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It's always an odd thing for a band — and its fans — if it eventually breaks through to a wider audience. No musician embarks on a career just to be a cult favorite, but "early" fans always take a certain caustic pride of ownership, in being able to say that they were into the group way before most people.
Maryland-marinated rockers O.A.R. (which stands for "Of a Revolution") are standing on said precipice. After six studio and three live records, their most recent effort, All Sides, has spawned a Top 40 single and heavy VH-1 rotation with the melodic "Shattered." Guitarist Richard On is happy for the exposure, but also keenly aware of the challenges.
"It's crazy now," he says. "When we talk to fans after the show, the demographic has spread so wide with the song, especially the older audience. We realized that we had something special in the studio when we were recording it."
On adds that the entire process of making All Sides took O.A.R. into new areas — including geographically. The band recorded in L.A., and vocalist/guitarist Marc Roberge wanted a "road experience" to inspire his lyrics. So he and his family set out on a cross-country trek to the studio. Not surprisingly, many of the tunes are about moving ahead, moving forward and, well, moving somewhere.
"The lyrics sparked the music this time, when it's usually the other way around," On offers. "And this time we didn't feel rushed. We were ourselves."
O.A.R.'s origins started in, of all places, junior high school. That's where Roberge, drummer Chris Culos and On first started playing together. They picked up bassist Benj Gershman at their Rockville, Maryland high school, forming O.A.R. in 1996, then adding saxophone/guitarist Jerry DePizzo at Ohio State University.
O.A.R.'s alternative/jam-band style of rock became popular on campuses in the region, and the group released demo The Wanderer in 1997. Over the next few years, fans responded to high-energy songs like "Hey Girl," "City on Down" and "That Was a Crazy Game of Poker," and the group found itself drawn into the collegiate "jam" scene that also spawned the Dave Matthews Band.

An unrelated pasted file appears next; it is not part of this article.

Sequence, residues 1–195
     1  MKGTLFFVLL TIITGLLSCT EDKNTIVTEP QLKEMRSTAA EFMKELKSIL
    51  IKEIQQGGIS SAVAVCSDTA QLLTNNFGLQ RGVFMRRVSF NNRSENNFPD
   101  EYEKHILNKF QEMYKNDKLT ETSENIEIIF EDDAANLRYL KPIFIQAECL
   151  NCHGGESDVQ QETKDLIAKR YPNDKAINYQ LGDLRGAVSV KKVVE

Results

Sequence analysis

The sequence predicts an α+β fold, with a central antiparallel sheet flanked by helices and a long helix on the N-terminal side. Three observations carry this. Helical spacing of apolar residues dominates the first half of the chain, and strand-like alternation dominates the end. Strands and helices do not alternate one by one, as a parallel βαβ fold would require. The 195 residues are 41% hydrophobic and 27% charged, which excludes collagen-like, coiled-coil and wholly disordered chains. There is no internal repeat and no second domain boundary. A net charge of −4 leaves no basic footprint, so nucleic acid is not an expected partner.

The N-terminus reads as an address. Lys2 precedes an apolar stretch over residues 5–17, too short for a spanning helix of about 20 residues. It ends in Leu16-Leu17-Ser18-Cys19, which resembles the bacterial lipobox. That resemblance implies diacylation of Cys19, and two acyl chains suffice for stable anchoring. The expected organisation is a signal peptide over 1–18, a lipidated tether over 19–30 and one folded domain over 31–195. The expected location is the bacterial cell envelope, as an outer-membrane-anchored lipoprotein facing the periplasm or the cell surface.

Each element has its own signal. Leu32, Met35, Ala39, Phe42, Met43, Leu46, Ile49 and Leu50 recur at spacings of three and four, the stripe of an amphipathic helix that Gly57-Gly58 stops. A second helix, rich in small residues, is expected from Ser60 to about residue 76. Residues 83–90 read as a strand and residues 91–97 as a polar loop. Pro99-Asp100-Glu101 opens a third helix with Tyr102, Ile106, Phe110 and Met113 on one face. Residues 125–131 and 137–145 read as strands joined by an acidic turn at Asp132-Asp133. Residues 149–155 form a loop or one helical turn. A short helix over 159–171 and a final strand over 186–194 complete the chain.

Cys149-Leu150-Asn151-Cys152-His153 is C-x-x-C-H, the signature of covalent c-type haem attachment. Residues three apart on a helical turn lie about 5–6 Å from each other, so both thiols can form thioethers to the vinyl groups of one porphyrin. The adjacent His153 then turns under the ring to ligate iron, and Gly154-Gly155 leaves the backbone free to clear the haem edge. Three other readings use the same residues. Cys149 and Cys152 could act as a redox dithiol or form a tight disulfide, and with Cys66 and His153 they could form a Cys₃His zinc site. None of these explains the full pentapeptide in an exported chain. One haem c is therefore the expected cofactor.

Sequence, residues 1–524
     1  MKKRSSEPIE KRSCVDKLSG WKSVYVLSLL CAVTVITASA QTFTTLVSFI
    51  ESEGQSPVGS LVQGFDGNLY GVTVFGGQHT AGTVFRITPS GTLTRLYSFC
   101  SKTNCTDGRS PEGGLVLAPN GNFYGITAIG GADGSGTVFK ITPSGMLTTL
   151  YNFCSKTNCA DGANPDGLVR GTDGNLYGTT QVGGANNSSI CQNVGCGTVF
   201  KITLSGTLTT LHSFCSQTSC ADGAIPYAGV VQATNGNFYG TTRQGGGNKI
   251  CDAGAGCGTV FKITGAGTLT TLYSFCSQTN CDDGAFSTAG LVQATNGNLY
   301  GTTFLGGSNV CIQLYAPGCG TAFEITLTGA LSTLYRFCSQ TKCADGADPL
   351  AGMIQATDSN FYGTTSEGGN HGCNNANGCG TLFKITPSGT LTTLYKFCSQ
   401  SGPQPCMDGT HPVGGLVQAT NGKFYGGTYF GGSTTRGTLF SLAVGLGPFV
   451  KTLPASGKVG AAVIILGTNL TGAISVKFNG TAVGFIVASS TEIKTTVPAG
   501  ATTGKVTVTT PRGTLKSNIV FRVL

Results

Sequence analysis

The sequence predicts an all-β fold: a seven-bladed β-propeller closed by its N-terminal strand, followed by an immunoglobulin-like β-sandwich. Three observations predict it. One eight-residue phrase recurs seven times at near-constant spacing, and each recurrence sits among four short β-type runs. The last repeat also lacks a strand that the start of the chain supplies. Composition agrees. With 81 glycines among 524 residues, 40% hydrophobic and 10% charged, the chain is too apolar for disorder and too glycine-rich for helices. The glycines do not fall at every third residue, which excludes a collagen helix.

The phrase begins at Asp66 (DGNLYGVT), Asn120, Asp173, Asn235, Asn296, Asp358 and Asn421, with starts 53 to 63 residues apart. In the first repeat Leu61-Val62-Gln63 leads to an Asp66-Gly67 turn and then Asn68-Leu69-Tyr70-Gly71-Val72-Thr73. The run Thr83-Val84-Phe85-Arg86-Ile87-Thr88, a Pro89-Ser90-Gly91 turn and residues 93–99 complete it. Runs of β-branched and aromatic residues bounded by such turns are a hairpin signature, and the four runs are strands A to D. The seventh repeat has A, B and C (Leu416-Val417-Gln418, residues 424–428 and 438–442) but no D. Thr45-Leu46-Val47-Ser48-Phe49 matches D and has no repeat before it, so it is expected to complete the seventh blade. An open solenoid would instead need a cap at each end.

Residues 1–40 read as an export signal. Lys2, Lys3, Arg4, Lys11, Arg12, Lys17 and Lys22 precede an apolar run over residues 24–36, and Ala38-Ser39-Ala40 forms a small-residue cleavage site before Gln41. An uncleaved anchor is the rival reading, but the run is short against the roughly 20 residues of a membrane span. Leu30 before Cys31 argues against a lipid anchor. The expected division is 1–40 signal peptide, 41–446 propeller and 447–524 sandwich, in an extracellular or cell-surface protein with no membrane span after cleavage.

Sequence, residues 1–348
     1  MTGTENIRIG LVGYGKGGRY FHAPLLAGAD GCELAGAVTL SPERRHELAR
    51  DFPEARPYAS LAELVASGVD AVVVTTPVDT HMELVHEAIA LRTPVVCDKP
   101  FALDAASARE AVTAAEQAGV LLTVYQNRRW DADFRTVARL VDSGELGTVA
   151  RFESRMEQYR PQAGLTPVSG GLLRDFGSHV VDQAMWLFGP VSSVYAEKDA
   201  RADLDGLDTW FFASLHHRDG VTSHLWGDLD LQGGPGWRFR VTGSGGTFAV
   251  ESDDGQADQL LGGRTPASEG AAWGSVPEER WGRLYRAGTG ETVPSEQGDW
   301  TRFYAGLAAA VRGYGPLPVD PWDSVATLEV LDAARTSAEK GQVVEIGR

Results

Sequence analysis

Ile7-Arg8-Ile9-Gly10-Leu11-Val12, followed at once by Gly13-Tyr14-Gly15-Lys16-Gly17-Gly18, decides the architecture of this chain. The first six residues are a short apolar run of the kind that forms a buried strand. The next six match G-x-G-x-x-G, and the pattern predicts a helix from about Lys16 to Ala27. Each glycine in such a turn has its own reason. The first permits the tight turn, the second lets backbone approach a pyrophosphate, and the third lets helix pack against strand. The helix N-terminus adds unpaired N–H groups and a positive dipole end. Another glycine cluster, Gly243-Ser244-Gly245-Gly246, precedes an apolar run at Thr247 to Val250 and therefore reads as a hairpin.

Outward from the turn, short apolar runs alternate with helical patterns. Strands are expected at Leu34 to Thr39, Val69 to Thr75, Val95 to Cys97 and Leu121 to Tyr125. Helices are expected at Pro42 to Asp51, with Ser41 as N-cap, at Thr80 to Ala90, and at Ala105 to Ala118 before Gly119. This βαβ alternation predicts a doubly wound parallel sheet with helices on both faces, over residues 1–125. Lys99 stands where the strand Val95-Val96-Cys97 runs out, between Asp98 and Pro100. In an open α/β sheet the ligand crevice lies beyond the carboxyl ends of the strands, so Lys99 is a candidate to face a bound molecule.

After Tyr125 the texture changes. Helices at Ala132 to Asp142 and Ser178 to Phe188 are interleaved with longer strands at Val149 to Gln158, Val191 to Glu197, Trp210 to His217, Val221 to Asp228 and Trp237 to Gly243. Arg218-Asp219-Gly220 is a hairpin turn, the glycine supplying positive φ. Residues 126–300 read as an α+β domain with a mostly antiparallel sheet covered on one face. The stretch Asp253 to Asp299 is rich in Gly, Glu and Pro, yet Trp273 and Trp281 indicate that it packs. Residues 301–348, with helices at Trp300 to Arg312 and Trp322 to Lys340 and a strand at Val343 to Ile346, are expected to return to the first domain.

O.A.R. also encouraged fans to tape and trade its shows, thus further spreading the music in the early days before downloading and bit-torrent streams.
Still, "jam band" is a moniker that O.A.R. embraces — even if others do not.
"It hurt us for awhile with places like MTV. When they think of jam bands, they think of fans who are dirty hippies tripping on LSD all the time," On laughs. "But it's actually a badge of honor, because jam bands are so talented, and to get up there and just keep the audience's attention with a solo or stretching out a song takes a lot."
Not that On indulges in many 20-minute guitar solos. On All Sides, his longest six-string break (on funky "Living in the End") barely registers on the clock at all before it's gone.
"Well, I'm limited compared to what a lot of guys can do!" On laughs. "But that song had a classic-rock feel to it, so we wanted to have a solo. Any longer, and it could have gone sour."
"I guess the one word to sum it up would be real," he says. "Forget the TV, forget CNN, to see what's going on over there with your own eyes, it's mind-boggling. And that's regardless of your view on the war. If [people] went over there, they would see some of the good stuff that our soldiers are doing, though the media tends to focus on the bad."
A pre-tour visit to recovering soldiers in Walter Reed Hospital was "shocking," as the band stood at the foot of beds of soldiers barely out of their teens coping with missing and mangled limbs. At the hospitals in Iraq, things were even a bit fresher.
On remembers seeing a boy of about five or six on a bed with his entire chest stapled up. By him was his father — this pair of Iraqi civilians was the only survivors of an entire family whose house was bombed. Problem was, it was an accidental target of a U.S. weapon.
"If I were that father, I would be livid and cursing to the end. But the entire time, the father is thanking us — the band and the soldiers — which was incredible," On remembers. "He understood that accidents happen, and he believed in why our soldiers were there. It was mind-boggling! I didn't know what to say, but we were all in complete tears."
Members of O.A.R. have also shed a tear or two in band meetings over the years. After all, not many acts can claim to be both buddies and band members since before they could shave. And while On says tensions used to occasionally ride high, things are more "diplomatic" now, and the group is more likely to sit down and discuss its problems rather than fly into actions or recriminations.
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